Report: Hyundai is developing LFP batteries for affordable EVs

Hyundai is developing a new generation of lithium iron phosphate (LFP) batteries for affordable EVs, The Korea Herald reported this week.

The automaker is undertaking a two-year joint venture with battery makers based in its home country of South Korea that aims to see development work on LFP batteries completed in 2024, and for the batteries to be used in production EVs beginning in 2025, according to the report.

LFP batteries don’t depend as much on rare materials, and they support fast charging. Cold weather and high-performance situations remain challenges, but overall affordability has made them attractive to automakers.

Hyundai currently uses LFP batteries from Chinese supplier CATL in some versions of the Kona Electric, as well as the Kia Ray EV, the report noted.

2024 Hyundai Kona Electric

2024 Hyundai Kona Electric

Hyundai’s move to develop its own LFP batteries could lessen dependence on CATL, the company that more or less controls LFP tech as it’s been sold for use in the U.S. and Europe (BYD is another potential Chinese rival emphasizing the tech). But it could also serve to work around U.S. trade restrictions and help future Hyundai EVs with LFP batteries qualify for the maximum federal EV tax credit.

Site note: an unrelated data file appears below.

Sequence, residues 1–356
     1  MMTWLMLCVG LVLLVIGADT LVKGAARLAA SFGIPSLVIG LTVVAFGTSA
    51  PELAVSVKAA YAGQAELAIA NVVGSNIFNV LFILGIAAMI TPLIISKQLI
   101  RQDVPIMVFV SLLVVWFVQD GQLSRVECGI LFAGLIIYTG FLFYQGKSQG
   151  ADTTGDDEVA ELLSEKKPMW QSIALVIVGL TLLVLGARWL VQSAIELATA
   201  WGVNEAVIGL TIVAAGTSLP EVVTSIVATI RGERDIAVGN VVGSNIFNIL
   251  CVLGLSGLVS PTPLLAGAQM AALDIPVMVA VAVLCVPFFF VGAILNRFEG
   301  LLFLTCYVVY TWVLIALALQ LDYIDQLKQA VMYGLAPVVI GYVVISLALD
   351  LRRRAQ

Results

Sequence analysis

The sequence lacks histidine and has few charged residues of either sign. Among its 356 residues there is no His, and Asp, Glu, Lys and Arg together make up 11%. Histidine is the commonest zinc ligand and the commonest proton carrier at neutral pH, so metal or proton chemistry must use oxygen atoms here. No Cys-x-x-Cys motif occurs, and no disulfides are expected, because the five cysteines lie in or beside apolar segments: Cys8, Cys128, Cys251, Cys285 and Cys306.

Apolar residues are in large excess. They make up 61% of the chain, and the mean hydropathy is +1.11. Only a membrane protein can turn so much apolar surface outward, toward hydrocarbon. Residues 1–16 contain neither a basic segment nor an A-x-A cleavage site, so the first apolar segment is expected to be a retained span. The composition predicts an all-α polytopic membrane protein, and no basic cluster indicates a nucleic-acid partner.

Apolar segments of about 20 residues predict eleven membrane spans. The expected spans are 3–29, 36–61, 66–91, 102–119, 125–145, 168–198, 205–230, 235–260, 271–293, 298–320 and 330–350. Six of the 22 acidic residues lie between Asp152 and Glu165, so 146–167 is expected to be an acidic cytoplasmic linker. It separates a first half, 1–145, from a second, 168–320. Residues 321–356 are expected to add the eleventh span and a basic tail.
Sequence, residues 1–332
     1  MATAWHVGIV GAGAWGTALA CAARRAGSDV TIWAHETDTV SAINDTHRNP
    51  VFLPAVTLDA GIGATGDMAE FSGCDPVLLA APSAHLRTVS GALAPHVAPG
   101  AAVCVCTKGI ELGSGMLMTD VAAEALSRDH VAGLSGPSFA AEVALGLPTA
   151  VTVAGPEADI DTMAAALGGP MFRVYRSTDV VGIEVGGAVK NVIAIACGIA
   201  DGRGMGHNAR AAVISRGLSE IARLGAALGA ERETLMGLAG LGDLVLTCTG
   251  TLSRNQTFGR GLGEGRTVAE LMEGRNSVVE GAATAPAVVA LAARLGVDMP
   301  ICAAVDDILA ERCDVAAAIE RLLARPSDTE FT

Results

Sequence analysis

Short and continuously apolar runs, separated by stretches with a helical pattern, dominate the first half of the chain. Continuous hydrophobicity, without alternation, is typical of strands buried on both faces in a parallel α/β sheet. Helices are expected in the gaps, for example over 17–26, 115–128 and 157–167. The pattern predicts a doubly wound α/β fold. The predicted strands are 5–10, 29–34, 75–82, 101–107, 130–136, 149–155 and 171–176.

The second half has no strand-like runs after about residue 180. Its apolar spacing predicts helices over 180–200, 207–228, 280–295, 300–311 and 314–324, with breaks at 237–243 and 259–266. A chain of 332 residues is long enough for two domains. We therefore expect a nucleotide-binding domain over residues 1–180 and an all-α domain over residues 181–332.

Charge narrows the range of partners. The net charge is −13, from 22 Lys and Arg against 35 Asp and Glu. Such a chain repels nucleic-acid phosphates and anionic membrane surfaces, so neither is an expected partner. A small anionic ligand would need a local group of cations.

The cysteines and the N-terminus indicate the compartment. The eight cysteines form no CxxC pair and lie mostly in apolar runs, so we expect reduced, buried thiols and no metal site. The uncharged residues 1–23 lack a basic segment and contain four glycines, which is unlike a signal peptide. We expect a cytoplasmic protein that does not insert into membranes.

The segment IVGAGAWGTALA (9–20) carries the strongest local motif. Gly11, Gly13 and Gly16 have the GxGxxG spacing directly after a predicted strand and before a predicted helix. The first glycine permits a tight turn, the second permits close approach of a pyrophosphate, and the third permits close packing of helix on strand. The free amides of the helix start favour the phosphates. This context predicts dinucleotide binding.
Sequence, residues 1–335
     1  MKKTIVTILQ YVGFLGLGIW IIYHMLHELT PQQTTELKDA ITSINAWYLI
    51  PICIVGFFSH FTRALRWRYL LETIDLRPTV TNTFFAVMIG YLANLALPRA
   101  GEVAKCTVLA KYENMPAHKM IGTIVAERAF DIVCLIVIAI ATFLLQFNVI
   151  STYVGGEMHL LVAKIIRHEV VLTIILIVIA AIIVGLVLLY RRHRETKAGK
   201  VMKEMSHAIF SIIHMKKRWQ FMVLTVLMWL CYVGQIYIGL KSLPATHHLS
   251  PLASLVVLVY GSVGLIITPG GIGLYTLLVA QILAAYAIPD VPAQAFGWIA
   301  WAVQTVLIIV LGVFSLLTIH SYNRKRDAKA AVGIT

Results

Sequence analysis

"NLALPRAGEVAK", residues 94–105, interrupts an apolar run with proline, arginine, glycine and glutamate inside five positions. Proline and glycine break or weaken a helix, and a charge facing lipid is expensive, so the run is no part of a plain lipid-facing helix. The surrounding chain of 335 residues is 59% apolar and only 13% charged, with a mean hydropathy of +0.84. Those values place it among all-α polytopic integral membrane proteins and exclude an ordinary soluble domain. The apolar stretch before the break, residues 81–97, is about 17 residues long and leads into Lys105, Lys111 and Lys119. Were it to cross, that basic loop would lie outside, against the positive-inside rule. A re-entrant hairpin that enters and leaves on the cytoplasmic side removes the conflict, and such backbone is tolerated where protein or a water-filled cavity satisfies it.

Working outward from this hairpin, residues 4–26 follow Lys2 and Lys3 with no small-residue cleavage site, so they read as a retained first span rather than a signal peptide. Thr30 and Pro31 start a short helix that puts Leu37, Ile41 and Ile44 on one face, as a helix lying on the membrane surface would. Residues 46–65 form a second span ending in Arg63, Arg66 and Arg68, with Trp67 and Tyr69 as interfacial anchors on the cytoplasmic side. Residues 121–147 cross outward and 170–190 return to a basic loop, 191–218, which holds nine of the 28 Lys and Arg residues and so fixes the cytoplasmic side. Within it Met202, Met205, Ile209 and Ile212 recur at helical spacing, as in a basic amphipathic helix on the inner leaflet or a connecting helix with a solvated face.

U.S. EV policy focusing on batteries was refined last year around seeing China as a “foreign entity of concern.” Agreements made last spring make some battery materials supplied from Japan, South Korea, and the European Union tax credit eligible. That led to a flood of interest by Chinese firms seeking to build battery factories in South Korea.

2024 Hyundai Ioniq 6

2024 Hyundai Ioniq 6

Hyundai has made a U.S. joint venture with LG to make batteries for American-built EVs. The joint-venture battery plant will be located in Georgia, supplying batteries for Georgia EV production, due to commence at a $7.6 billion “Metaplant” near Savannah in 2024. Hyundai has made efforts to speed up the timeline due to changes in EV tax credit rules and other U.S. EV policy that prioritizes local assembly of vehicles and battery packs.

CATL, meanwhile, is continuing to advance its own LFP tech. The company has already teased a next-generation LFP battery that can add 250 miles in 10 minutes of charging.

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